By Matt Straub
What a difference a year makes. After struggling mightily a year ago, I went 3-for-4 in the Division Series and if the Dodgers had gotten a hit with a man on second at some point, could have had a clean sweep.
Now it's on to the League Championship Series, which feel easy to predict this year, always scary for a prognosticator. Hopefully the reasoning I feel the way I do about each series is sound. The problem is, even if it is, baseball can be a crazy game. In a way I hope these games are, as the last round was incredibly entertaining.
Today we'll look at the American League, which starts its Championship Series tonight, and we'll do a full breakdown on Mets-Cubs in time for Game 1 of that series.
Kansas City Royals
vs. Toronto Blue Jays
Everyone's talking about Back to the Future II predicting the Cubs to win the 2015 World Series, but this feels like a blast from the past. These teams met in the 1985 ALCS, one of the first series I remember watching any of.
The 1980s were an era where both these teams were competitive just about every year, and it appears as though we're entering another run for each team, which is good for baseball. The Royals were a win away from a title last year, while the Blue Jays came on like gangbusters this season after some key additions to become powerhouses for the first time in 20 years.
Each team had a real struggle to win their Division Series, though the Blue Jays got all the attention for what has become known as "the inning" against Texas. This series likely won't be easy, as the Royals have exceptional resilience and good depth throughout the roster while the Blue Jays are a bloop and a blast from being in any game.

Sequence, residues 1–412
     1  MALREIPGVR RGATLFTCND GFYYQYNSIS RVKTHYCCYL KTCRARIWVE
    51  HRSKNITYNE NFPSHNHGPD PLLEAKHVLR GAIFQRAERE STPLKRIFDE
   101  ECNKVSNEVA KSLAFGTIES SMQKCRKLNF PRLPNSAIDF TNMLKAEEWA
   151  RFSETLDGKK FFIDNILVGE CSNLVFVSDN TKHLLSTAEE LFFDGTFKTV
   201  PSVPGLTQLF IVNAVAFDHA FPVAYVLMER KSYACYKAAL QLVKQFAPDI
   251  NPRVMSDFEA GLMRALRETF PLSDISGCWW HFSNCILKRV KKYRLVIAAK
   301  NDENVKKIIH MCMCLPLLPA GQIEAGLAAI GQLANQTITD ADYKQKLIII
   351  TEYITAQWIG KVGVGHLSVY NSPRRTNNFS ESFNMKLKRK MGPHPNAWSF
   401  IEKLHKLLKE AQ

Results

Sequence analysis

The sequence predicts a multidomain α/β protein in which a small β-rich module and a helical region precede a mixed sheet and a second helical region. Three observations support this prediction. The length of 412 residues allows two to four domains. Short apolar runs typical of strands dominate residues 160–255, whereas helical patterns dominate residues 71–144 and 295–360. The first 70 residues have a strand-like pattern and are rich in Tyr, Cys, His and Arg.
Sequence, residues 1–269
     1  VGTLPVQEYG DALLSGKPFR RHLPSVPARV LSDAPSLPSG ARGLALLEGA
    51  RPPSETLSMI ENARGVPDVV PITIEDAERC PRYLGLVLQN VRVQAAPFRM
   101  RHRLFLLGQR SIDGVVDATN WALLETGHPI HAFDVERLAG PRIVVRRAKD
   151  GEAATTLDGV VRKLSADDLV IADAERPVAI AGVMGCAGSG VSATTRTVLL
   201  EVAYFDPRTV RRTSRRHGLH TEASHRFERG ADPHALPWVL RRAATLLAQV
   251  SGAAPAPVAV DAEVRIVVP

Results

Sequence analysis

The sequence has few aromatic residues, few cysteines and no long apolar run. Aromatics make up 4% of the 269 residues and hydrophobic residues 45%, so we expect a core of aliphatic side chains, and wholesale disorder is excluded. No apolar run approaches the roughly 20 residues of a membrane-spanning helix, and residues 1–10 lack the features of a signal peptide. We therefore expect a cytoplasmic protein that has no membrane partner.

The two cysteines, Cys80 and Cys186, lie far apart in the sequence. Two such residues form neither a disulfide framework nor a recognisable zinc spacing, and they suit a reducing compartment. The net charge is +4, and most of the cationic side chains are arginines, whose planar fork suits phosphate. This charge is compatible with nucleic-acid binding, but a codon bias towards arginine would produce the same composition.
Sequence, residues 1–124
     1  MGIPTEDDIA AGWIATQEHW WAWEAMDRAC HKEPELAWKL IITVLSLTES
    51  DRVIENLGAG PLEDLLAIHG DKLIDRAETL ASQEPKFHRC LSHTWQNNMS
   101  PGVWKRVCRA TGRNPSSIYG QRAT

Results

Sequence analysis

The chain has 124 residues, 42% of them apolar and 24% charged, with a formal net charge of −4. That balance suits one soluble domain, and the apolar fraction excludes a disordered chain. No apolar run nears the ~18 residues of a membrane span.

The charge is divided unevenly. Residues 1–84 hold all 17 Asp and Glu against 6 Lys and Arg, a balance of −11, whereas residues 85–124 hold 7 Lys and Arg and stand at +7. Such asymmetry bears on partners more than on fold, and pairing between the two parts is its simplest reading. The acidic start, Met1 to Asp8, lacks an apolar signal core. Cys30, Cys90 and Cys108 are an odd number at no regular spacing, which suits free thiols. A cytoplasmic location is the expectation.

The key will be which team is able to impose its style on the other. If the games become slugfests, the Blue Jays will roll. If the Royals are able to manufacture runs here and there and make small leads the difference, they will like their chances. Toronto wants to hit home runs while the Royals are hoping to use a solid lineup and great speed to find ways to score.
Where Kansas City could have a big advantage is on the mound. Johnny Cueto seemed to get things figured out in his last playoff start, while Edinson Volquez and Yordano Ventura are both capable of striking out a ton of guys on a given day. I have more faith in them than I do Marco Estrada and Marcus Stroman. And as we've covered here before, David Price is not a postseason ace. I definitely don't trust him to start a big game.
In the bullpen, despite some injuries, the Royals have a clear edge. Throw in Chris Young, who proved an invaluable swingman against Houston, and I love the Royals' pitching compared to Toronto.
Offensively, the Blue Jays have put together a team which will dominate your MLB the Show league if you update the rosters, but one which hasn't been consistent in the playoffs so far. Troy Tulowitzki has looked lost as the plate at times, and while they have ended up scoring a bunch of runs, they have relied quite a bit on the home run in key spots, something which might be harder to do against Kansas City.
The way the Royals play, or at least can play, is much more sustainable. If one of their speedsters can get on, especially to start an inning, the Royals don't need more than a hit to get a run, and certainly don't need a 400-foot homer to score.
Throw in the experience the Royals gained last year and that they have home field and can play better defense, and I think the pick is an easy one.
Which is why I'm holding my breath.
Matt's Pick: Royals in 6
Brad's Pick: Blue Jays in 7